Our eyes are sensitive organs. Many environmental factors can impact our vision and overall eye health, causing everything from mild allergy symptoms to permanent eye damage. Lighting can be particularly tricky. Our eyes and brain rely on light to see, but some kinds of light can cause harm if we get too much exposure, or exposure at the wrong times. Here are the most common types of light and lighting that affect eye health.

UV light

Ultraviolet light has the shortest wavelength of any light on the visible light spectrum. This means it carries a ton of energy, and while we need a little UV light in our lives, too much can quickly get harmful. The biggest source of UV light comes from our sun.

Most of us don’t think twice about protecting our skin from UV rays, but we frequently forget about our eyes. Not only is the skin of your eyelids much thinner and therefore more easily burned than the rest of your skin, but cumulative exposure to UV light can also potentially damage your eyes and vision. Macular degeneration, a serious and irreversible condition that often results in severely compromised vision or blindness, may be exacerbated or even caused by excess UV light exposure.

Fortunately, protecting your eyes from the sun is easy. A slick pair of UV-resistant sunglasses will stop the harmful light from getting to your eyes. The more often you wear them, the better you are protected. If you need prescription glasses, don’t worry! Sunglasses from 39DollarGlasses.com can be fitted with prescription lenses.

Blue light

Blue light lies right next to ultraviolet light on the visible light spectrum, meaning it too is high in energy. Blue light is found naturally in sunlight and is partly responsible for keeping our brains awake during the day. The absence of blue light at night is a key part of keeping our sleeping cycles in check.

However, with the onset of the digital age, people are exposed to more blue light and in higher doses than ever before. Electronic devices such as computer and phone screens pelt us with an extra dose of blue light, as do other unnatural light sources. This can be especially problematic for people who use electronics often or late at night. Overall, blue light contributes to eye strain and sleep problems.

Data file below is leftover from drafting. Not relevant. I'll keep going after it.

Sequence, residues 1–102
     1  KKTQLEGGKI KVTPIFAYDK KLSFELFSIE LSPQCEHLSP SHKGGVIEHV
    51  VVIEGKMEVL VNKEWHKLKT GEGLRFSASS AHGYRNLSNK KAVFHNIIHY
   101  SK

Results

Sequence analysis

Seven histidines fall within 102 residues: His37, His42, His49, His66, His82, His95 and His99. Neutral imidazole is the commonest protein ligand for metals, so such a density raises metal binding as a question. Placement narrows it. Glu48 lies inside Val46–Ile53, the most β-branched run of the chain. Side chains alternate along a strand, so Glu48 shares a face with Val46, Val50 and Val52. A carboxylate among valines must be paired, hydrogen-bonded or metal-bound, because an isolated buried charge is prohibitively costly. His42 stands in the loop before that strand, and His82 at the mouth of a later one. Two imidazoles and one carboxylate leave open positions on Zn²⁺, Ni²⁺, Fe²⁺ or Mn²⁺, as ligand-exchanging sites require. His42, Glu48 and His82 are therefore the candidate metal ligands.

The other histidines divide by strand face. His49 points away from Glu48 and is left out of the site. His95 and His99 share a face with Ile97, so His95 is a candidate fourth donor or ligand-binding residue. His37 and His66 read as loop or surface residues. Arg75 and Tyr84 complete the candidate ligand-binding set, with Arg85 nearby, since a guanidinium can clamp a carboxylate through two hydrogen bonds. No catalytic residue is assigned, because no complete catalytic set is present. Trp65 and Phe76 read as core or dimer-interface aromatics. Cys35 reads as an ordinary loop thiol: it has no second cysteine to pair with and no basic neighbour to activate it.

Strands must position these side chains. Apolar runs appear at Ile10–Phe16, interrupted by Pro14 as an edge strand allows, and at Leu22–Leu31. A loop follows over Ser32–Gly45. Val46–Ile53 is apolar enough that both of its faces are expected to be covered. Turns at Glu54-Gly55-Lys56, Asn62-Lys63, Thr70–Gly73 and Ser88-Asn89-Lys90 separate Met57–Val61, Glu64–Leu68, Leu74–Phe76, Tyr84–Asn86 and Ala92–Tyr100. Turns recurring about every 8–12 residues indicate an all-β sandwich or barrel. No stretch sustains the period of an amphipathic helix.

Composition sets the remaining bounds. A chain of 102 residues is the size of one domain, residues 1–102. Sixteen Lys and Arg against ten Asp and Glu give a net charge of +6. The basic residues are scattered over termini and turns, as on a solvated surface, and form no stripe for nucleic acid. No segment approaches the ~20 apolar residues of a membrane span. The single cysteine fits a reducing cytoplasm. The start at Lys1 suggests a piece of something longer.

There is also concern that excess blue light can lead to or otherwise exacerbate macular degeneration. Whether or not there is enough blue light coming from electronic screens to make a significant difference is still being studied. If you worry about how much time you spend in front of a screen, consider investing in some blue light glasses (sometimes called computer glasses). Online glasses from 39 Dollar Glasses use Blue495 coating to protect against blue light. Many monitors also have night settings that filter out blue light.

Right now, the most significant and damaging source of blue light remains the sun, and the best protection is frequent use of sunglasses.

Fluorescent lighting

Fluorescent lights produce ultraviolet rays, as well, and consistent, prolonged exposure to them may contribute to eye disease and degeneration. Fluorescent lighting is also known for its obnoxious brightness and unnatural appearance. Fluorescent lights are typically found in business settings as they are economical light choices.

Due to its brightness, fluorescent lighting is also known to increase eye strain and its symptoms:

  • Dry eyes
  • Itchy, watery eyes
  • Light sensitivity
  • Soreness

Not all fluorescent lights are the typical, long square business lights. Many compact lights also use fluorescent lighting. If the lighting in a building seems harsh or is hurting your eyes, ask which kind of bulbs are being used.

Dim lighting

Just like bright lighting, dimly lit environments can also harm your eyes. While not likely to permanently damage your vision, dim light contributes to eye strain as vision decreases without sufficient light. Your eyes will have to work harder to decipher the images in front of them, and this increased effort leads most people to quickly tire. Activities that require reading or focusing on small objects are particularly difficult in dim light, and productivity declines.

Work environments should always have enough light to easily see by, without having too much light which can cause soreness and blurry vision.

Preventing eye damage

Prevention is the most effective method of maintaining healthy eyes. Keep annual exams with an eye doctor and if you wear prescription glasses, make sure to keep the prescription updated. Wearing old eyeglasses that no longer completely correct your vision can add to eye strain and discomfort.

Consider campaigning your workplace to make healthier lighting choices. Add lamps or additional lighting to dim areas and position screens away from windows to avoid excess glare.

And most importantly, wear 100 percent UV-blocking sunglasses as frequently as you can, even if it doesn’t seem very bright outside. Prescriptions eyeglasses from 39DollarGlasses.com also offer UV protection.